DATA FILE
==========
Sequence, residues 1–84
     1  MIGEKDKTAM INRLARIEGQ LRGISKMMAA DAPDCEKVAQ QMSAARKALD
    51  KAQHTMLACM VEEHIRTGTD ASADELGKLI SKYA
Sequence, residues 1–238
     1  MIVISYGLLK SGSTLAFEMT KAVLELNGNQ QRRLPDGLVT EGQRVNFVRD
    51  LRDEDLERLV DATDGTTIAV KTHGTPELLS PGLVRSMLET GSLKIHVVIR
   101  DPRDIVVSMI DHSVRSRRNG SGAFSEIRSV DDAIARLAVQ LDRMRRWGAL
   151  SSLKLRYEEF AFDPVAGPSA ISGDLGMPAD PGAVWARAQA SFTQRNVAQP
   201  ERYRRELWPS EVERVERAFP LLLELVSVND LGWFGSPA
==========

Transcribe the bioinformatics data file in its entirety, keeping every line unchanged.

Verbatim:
Sequence, residues 1–84
     1  MIGEKDKTAM INRLARIEGQ LRGISKMMAA DAPDCEKVAQ QMSAARKALD
    51  KAQHTMLACM VEEHIRTGTD ASADELGKLI SKYA
Sequence, residues 1–238
     1  MIVISYGLLK SGSTLAFEMT KAVLELNGNQ QRRLPDGLVT EGQRVNFVRD
    51  LRDEDLERLV DATDGTTIAV KTHGTPELLS PGLVRSMLET GSLKIHVVIR
   101  DPRDIVVSMI DHSVRSRRNG SGAFSEIRSV DDAIARLAVQ LDRMRRWGAL
   151  SSLKLRYEEF AFDPVAGPSA ISGDLGMPAD PGAVWARAQA SFTQRNVAQP
   201  ERYRRELWPS EVERVERAFP LLLELVSVND LGWFGSPA